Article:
Even though the calender has turned past the month of pumpkins, I find that the beginning of November is really when we have to deal with the leftover pumpkins sitting around the house. After all, everyone wants to keep them out for decoration all of October, so now is the time to use them up! Don’t let them go to waste. Here’s a pumpkin watercolor project & accompanying activities to keep you and your kids loving your squash.
In the middle of October, we did a still life of a pie pumpkin that we had not yet cooked up. I was rather pleased with J’s artistic interpretation on this one!
We set up the pumpkin and made observations about it first (texture, shape, color, irregularities, etc.). I had J draw it in pencil first on watercolor paper, then go over his pencil with a sharpie marker. Next, he used watercolors to paint his drawing. I was happy to see that he noticed all the different shades of coloring in the actual pumpkin and tried to represent that in his painting. Not bad for a four year old.
Then came his vine. At first I protested, thinking he was just swiping green all over his paper to be silly, but when he explained what he was painting I had to concede. Pumpkins do, after all, grow on vines. Who can fault him that?
Here’s his finished masterpiece, sitting next to its model. I think a pumpkin still life could be done by a younger child (with mom/dad helping to draw the shapes as needed before painting), and it could certainly be done by an older child too.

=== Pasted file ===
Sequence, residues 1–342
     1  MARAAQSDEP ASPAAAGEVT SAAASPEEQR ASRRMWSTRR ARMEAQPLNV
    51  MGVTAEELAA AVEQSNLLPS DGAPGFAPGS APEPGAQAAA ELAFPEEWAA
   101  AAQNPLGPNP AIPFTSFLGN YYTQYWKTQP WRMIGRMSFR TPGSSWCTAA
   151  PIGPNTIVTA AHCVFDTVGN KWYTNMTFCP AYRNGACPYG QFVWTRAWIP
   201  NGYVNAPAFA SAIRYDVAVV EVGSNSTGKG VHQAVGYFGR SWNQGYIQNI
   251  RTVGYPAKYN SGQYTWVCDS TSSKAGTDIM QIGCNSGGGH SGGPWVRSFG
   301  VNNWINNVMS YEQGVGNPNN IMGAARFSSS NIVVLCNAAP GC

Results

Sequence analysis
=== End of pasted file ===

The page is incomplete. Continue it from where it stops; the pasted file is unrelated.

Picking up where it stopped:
Usually, whenever I do any project that revolves around a food item, I also have to eat it. I can’t help it! Here is my absolute favorite pumpkin pie recipe from Mum in Bloom, made without evaporated milk! The texture is super fluffy and light, and I’ve found that I prefer it to the traditional pie recipe. (The only change I made to the recipe is that I cut the sugar in half.)
If you can wait overnight for your pumpkin nosh, try these awesome soaked pumpkin muffins from Katie at Kitchen Stewardship. I usually have bad luck with soaked grain recipes, but these came out perfectly moist and delicious. For this one, I replaced the sugar/sucanat with maple syrup and did only 3/4 cup of it instead of a full cup. I also just used whole wheat flour because that’s what I had. These were great, and the kids liked eating them too.
While waiting for your pumpkin goodies, why not enjoy some pumpkin literature together? We loved The Great Pumpkin Switch last year. Grandfather sits down with his two children, and takes them back in time to his own childhood to tell the tale of when he accidentally send his sister’s contest pumpkin rolling down a large flight of steps… until, SPLAT! He is left scrambling to right his wrong and replace his sister’s pumpkin without her noticing. Beautiful illustrations, a nostalgic narrative, and loving family ties that cross generations all make this book special.